GOOD GRIEF ! - It's jazz !....and it's ALIVE
- Protect The Beat rock the house
Sooner or later, every strand of music can get a little staid and predictable. Too hung up on its own cliches and self-imposed parameters, perhaps. It's that syndrome that draws me to mavericks such as Rachid Taha the 'World Music' phenomenon happily mixing up Rai, Arabic, French traditional, punk, blues and hardrock into something unstoppable and in a live setting completely irresistible. Its what makes Jill Sobule and Taj Mahal such fascinating characters.
And so , roaring into town here in London we have jazzfunk experience PROTECT THE BEAT, five guys on a mission to mix up styles and drive audiences into happy submission. Heaven knows, the jazz world needs acts like this to up the ante for new crowds and new generations to be weaned away from the evil machine-churned pop and dance that too easily finds funding and airtime. Descending pretty directly from outfits like the Yellowjackets and Crusaders BUT with the amphetamined drive of James Brown and Funkadelic, Protect The Beat are currently in need of nothing besides a chance to reach more people. Their second album 'Intrepid' is set to shoot them forward into what I regard as their rightful place on the music scene. I say 'music' rather than just 'jazz' because folk who 'dont like jazz' (ahem) can be seen dancing and punching the air at the close of their shows. A blues afficianado I know well brought her pals along to a gig by the river at Boaters, Kingston and texted me the next day raving about the fun they had at the performance. Fun ?? Well Roland Kirk knew about entertaining without compromising his skills, here are his spiritual heirs...
Started by Jools Holland Band saxman Derek Nash, PTB allows him to stretch out in fiery company. In style, I reckon the only close contender might be the luscious Candy Dulfer (whose own 'Candy Store' current set is a fine listen) as they are both balladeers par excellence and roaring theme deliverers. Nash, however has a British take on the classic Atlantic sound, in that his octaver use evokes the medium's great melodicist Eddie Harris. The fact that he has control but doesn't let it dull his style is a key factor in this band's sound. As is the keyboard and Milesian trumpet work of Arden Hart. We have never had a label here called Red, White & BlueNote..but if we DID... happily he contributes some original compositions to this release. In fact, all the tracks are the band's own save for a bittersweet reading of Annie Lennox' 'Cold'. And if you listen to the guitar on the original, by a karmic twist, PTB's axeman features...
Guitar is in the hands of Tim Cansfield. Looks of an actuary, sound of a Larry Carlton holed up in Chicago on a tour with Curtis Mayfield. Vast experience with various key figures in Europe and beyond has honed his craft to a subliminal chugging and snarl, perhaps best heard here on closer 'JBH'. If this man ever sticks his foot on a monitor and shows off, we have entered a netherworld where Bruce Willis will portray sensitivity and John Stewart will believe what politicians say.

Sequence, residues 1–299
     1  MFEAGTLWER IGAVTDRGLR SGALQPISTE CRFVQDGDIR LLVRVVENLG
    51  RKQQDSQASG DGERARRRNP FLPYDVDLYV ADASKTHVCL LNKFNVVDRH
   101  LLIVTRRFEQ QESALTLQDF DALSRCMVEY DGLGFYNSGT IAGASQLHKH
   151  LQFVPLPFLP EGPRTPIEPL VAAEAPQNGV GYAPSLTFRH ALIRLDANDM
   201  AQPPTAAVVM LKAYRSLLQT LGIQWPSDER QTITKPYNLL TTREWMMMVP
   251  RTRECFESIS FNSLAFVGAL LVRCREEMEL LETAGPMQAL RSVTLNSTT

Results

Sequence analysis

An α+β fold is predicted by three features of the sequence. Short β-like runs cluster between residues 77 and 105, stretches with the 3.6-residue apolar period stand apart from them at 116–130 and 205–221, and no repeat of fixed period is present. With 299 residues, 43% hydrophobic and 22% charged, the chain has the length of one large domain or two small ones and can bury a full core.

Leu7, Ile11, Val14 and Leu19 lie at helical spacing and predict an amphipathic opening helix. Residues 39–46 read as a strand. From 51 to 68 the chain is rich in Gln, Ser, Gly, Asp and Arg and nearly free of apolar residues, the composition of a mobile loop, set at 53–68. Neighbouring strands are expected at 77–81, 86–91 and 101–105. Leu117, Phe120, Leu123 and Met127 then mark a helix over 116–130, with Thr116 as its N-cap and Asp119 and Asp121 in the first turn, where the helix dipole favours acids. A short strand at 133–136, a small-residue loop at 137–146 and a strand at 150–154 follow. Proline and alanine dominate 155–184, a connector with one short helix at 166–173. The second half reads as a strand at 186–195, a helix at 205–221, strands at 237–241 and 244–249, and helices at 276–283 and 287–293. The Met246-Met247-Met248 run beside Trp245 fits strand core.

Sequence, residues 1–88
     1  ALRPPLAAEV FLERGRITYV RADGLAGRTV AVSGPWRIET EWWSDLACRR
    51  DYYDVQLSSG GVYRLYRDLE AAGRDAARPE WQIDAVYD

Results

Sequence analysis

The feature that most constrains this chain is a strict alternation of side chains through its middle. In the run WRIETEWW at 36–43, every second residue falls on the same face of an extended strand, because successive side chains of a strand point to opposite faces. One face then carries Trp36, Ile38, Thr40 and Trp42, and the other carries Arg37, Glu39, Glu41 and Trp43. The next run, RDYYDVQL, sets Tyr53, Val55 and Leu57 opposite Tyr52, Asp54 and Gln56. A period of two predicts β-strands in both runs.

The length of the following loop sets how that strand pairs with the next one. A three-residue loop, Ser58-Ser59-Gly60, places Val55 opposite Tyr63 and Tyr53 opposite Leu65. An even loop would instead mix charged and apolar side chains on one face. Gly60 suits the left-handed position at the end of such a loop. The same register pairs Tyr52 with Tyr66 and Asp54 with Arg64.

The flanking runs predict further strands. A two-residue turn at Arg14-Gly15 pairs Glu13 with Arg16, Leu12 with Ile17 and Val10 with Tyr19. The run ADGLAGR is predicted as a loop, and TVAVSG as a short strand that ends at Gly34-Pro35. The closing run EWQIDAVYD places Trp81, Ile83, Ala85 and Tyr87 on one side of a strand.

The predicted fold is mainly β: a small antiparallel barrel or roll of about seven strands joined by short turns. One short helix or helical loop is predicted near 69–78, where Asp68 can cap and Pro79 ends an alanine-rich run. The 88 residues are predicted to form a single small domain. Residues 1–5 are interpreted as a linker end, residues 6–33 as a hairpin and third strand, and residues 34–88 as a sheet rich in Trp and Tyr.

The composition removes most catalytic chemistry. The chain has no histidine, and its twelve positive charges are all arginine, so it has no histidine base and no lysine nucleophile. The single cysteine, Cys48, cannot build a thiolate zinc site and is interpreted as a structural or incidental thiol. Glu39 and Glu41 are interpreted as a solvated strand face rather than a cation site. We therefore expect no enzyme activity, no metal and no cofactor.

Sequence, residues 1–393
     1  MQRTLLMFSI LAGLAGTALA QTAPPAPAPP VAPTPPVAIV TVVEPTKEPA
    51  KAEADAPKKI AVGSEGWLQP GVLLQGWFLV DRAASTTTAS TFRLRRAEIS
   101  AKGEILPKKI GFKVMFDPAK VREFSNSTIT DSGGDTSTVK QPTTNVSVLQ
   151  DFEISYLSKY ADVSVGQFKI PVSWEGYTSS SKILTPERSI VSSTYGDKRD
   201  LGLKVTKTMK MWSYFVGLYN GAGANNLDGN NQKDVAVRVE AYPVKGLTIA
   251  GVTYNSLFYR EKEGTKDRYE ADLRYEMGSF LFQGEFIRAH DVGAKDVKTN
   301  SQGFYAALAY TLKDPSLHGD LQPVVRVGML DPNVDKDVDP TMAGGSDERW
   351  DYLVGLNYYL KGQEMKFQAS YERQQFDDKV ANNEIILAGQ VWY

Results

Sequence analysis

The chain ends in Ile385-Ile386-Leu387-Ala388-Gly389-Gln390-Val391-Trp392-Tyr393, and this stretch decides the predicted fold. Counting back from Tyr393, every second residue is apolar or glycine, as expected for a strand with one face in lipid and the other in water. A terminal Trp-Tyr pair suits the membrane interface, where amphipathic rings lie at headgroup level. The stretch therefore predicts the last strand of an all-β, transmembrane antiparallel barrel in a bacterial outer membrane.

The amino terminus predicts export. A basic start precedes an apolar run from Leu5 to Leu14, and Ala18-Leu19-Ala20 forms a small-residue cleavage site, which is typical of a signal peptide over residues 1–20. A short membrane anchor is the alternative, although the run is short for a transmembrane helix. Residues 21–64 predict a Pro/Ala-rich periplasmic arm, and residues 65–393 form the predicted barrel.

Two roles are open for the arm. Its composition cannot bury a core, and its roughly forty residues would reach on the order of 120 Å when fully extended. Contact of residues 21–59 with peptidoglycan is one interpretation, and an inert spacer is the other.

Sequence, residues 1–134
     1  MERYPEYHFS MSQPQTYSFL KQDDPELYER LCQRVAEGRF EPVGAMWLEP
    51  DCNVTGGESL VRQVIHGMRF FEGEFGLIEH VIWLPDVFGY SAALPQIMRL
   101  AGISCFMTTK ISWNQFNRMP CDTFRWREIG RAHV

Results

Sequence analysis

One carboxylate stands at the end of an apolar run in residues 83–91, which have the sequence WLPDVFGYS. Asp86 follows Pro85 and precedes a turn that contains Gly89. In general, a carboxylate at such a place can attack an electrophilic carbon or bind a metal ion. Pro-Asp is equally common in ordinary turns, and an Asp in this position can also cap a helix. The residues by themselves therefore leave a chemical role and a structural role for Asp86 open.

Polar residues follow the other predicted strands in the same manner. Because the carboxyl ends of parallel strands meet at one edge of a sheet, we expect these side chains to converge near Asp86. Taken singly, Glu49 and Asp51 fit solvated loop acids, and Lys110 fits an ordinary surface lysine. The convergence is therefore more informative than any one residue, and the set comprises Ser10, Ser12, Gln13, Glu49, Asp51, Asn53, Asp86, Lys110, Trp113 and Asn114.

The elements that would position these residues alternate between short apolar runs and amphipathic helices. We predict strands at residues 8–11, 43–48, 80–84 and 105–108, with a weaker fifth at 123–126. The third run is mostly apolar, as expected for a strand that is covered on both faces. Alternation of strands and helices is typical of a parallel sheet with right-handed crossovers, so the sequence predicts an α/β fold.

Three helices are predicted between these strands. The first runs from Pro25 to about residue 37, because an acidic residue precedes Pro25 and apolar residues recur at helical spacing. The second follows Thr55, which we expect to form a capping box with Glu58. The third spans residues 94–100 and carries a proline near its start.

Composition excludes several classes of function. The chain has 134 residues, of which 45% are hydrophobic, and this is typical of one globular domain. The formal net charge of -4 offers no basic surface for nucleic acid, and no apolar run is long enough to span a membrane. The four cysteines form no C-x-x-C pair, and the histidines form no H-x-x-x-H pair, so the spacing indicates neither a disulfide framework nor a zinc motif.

At the back...well the rhythm cats in this group are truly the trump card. Bassist Winston Blissett can play better with one hand than I can with two. Damn his soul!! Seriously, Winston is a powerhouse lownote bandit. He will burst into Chic riffs then stalk Hart's Rhodes like a man on a vengeance mission. Often touring with dance/ambient funksters Massive Attack, Blissett smiles his way though live sets like a man born to boom. Disquietingly modest offstage, this family man is a popular player hereabouts as much for his approach as his stunning playing. Alongside him and still only in his twenties, drummer Darby Todd is nothing less than a series of controlled explosions. Mercilessly mocked by Nash during between song chats, Todd uses every part of the kit to dynamise what is flowing and tumbling around him. The band will throw him into brief solo's and see what bursts out of him. Followers of Alphonse Mouzon, Billy Cobham and others will take to Darby's attack. But having seen Tony Williams with Lifetime alongside Jack Bruce wayyyyy back, it's Williams' alternating bliss and vehemence that most comes to mind when I hear him. If he passes you in traffic it's as likely his car stereo will be blasting Tool as Stanley Clarke...
Excuse me now while I once again play the cut 'Draggin' On The Ground'- a sinister tread of a tune looking for a cop movie nightscene to score. I think you get the picture - this writer suggests you try www, protectthebeat.com and hear the samples and buy the album. Skill and fire combined is a rare commodity. They're dancing close in this band
Fair Hearing Music Review